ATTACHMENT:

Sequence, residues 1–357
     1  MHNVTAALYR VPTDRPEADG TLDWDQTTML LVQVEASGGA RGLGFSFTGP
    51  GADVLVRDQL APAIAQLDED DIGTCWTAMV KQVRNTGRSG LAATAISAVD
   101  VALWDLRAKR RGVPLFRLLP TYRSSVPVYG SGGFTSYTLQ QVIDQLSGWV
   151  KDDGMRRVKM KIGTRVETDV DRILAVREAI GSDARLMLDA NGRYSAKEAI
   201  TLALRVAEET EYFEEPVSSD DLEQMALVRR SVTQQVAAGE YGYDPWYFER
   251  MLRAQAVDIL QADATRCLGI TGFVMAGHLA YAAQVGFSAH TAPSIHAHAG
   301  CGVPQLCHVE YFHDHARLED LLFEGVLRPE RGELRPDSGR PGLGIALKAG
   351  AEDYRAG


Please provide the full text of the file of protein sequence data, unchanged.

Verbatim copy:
Sequence, residues 1–357
     1  MHNVTAALYR VPTDRPEADG TLDWDQTTML LVQVEASGGA RGLGFSFTGP
    51  GADVLVRDQL APAIAQLDED DIGTCWTAMV KQVRNTGRSG LAATAISAVD
   101  VALWDLRAKR RGVPLFRLLP TYRSSVPVYG SGGFTSYTLQ QVIDQLSGWV
   151  KDDGMRRVKM KIGTRVETDV DRILAVREAI GSDARLMLDA NGRYSAKEAI
   201  TLALRVAEET EYFEEPVSSD DLEQMALVRR SVTQQVAAGE YGYDPWYFER
   251  MLRAQAVDIL QADATRCLGI TGFVMAGHLA YAAQVGFSAH TAPSIHAHAG
   301  CGVPQLCHVE YFHDHARLED LLFEGVLRPE RGELRPDSGR PGLGIALKAG
   351  AEDYRAG